The long-term care landscape was a very different place when the first assisted living community opened its doors in Portland, OR, back in 1981.
Stellar Living, an independent living community in Utah, aptly describes the scene this way on its website. “Before the 1970’s there weren’t many options for aging seniors. You could have someone come to your home to provide in-home care, or go to a nursing home, which at that time were not very pleasant places to be. During this period, nursing homes were institutions where lower income seniors were sent to… die out of sight. These communities were cold and sterile, and the entire institution was known for neglecting and abusing elders.”
Indeed, assisted living provided a long-desired alternative to what many perceived to be a dour place for retired seniors to spend their remaining years. In short order, assisted living communities began sprouting up everywhere, most notably in the Western states, providing unheard of things like social activities and fine dining. Many communities today even offer spectacular resort-style amenities.
Those seniors with the resources to afford it helped fuel demand for this new lifestyle, and today, over 1.2 million American seniors, mostly over the age of 80, call the nearly 31,000 assisted living communities home.
But a development unforeseen back in the early ‘80s is now changing the face of assisted living: a massive critical mass of 65-year-old-plus Baby Boomers, 60 million of whom will be needing long-term care in just the next four years (by 2023). National expenditures to care for them are expected to explode nearly 30% by then.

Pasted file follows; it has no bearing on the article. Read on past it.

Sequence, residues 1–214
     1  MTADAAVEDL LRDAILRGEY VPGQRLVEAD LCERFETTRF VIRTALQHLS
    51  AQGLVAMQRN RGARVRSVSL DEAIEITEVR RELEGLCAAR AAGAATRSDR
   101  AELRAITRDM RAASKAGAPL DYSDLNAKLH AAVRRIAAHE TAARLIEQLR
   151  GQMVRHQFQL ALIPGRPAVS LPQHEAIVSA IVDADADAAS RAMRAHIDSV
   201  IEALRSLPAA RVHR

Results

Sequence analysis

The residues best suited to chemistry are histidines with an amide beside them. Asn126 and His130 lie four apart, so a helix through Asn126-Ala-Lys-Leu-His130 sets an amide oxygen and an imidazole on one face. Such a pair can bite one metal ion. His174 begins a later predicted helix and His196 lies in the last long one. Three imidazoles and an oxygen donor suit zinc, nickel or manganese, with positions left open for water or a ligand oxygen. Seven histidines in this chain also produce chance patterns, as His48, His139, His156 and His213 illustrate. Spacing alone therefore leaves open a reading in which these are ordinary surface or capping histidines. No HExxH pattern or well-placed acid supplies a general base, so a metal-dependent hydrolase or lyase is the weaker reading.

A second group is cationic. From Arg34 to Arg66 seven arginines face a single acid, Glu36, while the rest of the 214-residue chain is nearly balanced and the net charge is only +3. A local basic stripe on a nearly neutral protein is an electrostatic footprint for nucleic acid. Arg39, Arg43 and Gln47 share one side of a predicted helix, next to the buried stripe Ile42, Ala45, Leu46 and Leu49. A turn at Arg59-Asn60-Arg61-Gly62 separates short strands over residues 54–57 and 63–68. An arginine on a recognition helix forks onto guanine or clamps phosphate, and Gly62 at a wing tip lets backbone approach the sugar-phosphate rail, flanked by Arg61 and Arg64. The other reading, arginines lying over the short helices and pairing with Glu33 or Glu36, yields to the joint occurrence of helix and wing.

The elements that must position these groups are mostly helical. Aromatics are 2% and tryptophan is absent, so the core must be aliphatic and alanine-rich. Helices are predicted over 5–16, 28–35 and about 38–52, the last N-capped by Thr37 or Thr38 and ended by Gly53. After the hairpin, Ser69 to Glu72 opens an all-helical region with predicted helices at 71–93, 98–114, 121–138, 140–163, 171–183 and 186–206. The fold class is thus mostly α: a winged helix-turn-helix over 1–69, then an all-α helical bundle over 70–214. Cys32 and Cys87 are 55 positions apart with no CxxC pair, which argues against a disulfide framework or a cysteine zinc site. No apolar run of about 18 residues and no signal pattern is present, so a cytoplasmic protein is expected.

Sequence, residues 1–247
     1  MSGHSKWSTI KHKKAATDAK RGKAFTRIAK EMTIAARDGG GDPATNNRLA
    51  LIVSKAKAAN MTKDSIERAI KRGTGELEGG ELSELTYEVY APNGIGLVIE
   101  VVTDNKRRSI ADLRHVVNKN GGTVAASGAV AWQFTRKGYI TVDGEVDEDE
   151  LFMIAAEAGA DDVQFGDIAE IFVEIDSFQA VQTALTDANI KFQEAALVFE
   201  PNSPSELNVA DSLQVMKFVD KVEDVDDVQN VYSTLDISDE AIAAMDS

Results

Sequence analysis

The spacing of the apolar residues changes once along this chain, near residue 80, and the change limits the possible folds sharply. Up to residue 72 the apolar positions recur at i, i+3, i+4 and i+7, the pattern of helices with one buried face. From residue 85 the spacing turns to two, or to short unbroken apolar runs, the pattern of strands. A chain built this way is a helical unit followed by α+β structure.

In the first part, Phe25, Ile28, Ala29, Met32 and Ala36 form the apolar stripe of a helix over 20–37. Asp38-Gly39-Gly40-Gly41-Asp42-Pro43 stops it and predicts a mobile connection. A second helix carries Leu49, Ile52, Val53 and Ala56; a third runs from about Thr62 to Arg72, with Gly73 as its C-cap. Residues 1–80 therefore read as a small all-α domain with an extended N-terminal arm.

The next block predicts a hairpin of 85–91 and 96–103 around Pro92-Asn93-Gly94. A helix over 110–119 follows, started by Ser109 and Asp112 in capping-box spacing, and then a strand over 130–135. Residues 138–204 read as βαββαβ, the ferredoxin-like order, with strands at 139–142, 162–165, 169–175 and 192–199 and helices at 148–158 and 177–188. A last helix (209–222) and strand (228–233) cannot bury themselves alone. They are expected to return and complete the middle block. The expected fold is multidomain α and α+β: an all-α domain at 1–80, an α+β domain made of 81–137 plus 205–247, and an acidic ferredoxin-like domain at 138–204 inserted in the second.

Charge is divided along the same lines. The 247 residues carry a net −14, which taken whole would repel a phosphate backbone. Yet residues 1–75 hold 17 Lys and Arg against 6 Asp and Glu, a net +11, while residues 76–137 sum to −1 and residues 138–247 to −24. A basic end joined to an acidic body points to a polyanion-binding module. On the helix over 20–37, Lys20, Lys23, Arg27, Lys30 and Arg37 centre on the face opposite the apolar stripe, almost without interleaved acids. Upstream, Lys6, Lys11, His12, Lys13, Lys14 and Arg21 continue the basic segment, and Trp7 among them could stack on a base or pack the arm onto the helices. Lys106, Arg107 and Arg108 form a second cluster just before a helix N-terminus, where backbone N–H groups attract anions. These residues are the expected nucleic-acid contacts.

Where are they to go, and who will care for them? Mostly healthy ones will likely age in place, at home or with relatives. With available (and very expensive) skilled nursing home beds in short supply, those with pressing medical needs will seek shelter in assisted and independent living communities.
Only recently has the assisted living industry truly realized the magnitude of the changes ahead as it braces to care for an increasingly sicker resident population than ever before. As one leading physician consultant admits, “I would say that within recent months, rising acuity levels have definitely been acknowledged in non-skilled senior living environments, which is forcing more communities to tackle this issue head first.” The aging of the Baby Boom population necessarily means that individuals living in non-skilled settings face increasingly complex health care issues.
Another clinician consultant says one of the biggest effects he’s observed from these rising acuity levels “is the amount of preparation being put into minimizing legal risks within various communities,” adding, “many communities are becoming more critical of their initial assessment of potential residents just to make sure the community is realistically capable of meeting their needs.”
Meanwhile, statistics from the National Center for Assisted Living (NCAL) clearly show how the industry has already begun to adapt to these demographic changes:
And, according to NCAL, about two out of every three residents will move out of assisted living to transition to a skilled nursing center after a median stay of around 22 months.
But for those 22 months, these communities are grappling with more and more issues that once were exclusive to nursing home care.
Nowhere is that more evident than in medication management. The typical assisted living resident today is on nine prescription medications to manage everything from hypertension and diabetes to chronic pain and insomnia. Compounding the challenge is that unlike skilled care, assisted living residents enjoy the freedom of sourcing their medications from various retail pharmacies. The issue of polypharmacy can create nightmares around medication documentation and coordination.